On July 9, 2013, the Internal Revenue Service issued Notice 2013-45 (“Notice”), which provides for transition relief until 2015 from information reporting requirements under Internal Revenue Code (“IRC”) sections 6055 and 6056. These sections require an employer to annually report to the IRS information regarding the health insurance that the employer offers (or does not offer) to its full-time employees. These reporting obligations will be used by the IRS to determine the assessable payments owed by employers under the employer shared responsibility rules (IRC sections 4980H(a) and 4980H(b))—more commonly known as the employer mandate, or the pay or play rules.

This transition relief extends beyond the information reporting requirements. The Notice states that the transition relief from IRC section 6056 “is expected to make it impractical to determine which employers owe shared responsibility payments for 2014….Accordingly, no employer shared responsibility payments will be assessed for 2014.” This relief is for 2014 only. Absent further guidance or legislative action to the contrary, full implementation and compliance with these rules will be required for 2015 and beyond.

What does this mean? It means that an applicable large employer will not be subject to any penalties for failure to offer health coverage to its full-time employees and dependents for 2014. Nor is an applicable large employer required to report to the IRS on the health coverage status of any of its full-time employees. However, applicable large employers should be aware that if they intend to use the safe-harbor method for determining employees’ full-time status (generally averaging 30 hours per week), the measurement period will start as early as October of this year for a 12-month testing period.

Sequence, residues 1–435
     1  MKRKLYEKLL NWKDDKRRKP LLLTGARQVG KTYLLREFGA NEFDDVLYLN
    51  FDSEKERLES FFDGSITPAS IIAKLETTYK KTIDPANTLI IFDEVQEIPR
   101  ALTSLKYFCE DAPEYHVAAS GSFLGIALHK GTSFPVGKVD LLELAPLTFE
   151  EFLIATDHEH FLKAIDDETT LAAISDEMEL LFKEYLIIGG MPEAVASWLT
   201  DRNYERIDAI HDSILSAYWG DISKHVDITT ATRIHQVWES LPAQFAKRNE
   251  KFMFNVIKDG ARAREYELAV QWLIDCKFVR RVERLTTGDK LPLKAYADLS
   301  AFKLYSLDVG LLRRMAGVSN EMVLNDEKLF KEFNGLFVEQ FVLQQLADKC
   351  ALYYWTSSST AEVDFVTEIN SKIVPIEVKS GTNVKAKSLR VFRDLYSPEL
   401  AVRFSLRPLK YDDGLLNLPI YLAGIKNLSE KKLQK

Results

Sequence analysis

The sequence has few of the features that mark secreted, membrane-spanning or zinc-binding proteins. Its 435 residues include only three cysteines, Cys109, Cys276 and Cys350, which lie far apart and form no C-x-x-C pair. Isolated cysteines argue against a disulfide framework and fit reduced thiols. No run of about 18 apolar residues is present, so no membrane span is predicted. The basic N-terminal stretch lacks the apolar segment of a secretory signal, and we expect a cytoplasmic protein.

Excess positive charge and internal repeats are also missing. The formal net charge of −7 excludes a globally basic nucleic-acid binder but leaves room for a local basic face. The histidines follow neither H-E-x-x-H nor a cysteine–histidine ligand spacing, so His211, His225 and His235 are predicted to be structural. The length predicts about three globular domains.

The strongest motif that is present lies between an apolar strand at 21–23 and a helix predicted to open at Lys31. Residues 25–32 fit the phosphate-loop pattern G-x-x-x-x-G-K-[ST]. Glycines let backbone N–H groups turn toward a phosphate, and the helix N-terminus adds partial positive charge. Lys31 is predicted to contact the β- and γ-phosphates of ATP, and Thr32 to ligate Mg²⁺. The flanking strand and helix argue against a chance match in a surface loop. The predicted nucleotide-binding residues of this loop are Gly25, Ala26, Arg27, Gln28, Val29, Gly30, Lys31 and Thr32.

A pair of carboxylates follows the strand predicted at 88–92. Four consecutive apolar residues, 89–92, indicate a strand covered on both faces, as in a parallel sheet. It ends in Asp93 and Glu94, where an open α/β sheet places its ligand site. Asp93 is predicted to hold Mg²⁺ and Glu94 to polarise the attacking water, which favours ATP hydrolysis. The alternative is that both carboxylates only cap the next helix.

While the Notice delays the reporting requirements under IRC sections 6055 and 6056 and the assessable payments under IRC sections 4980H(a) and 4980H(b) until 2015, it does not delay any other aspect of the Patient Protection and Affordable Care Act (“PPACA”). For example, the Notice does not delay the implementation of:

  • The PCORI fees, the temporary reinsurance fees, and the health insurance fees
  • Updating the summary of benefits and coverage to include a statement of whether the health plans provide minimum value
  • Sending all employees notices about the public exchanges
  • The 90-day excessive waiting period rules
  • No denial of coverage based on a pre-existing condition for anyone
  • The individual mandate
  • Many, many more provisions!

The Notice states that the information reporting rules under IRC sections 6055 and 6056 will be issued this summer.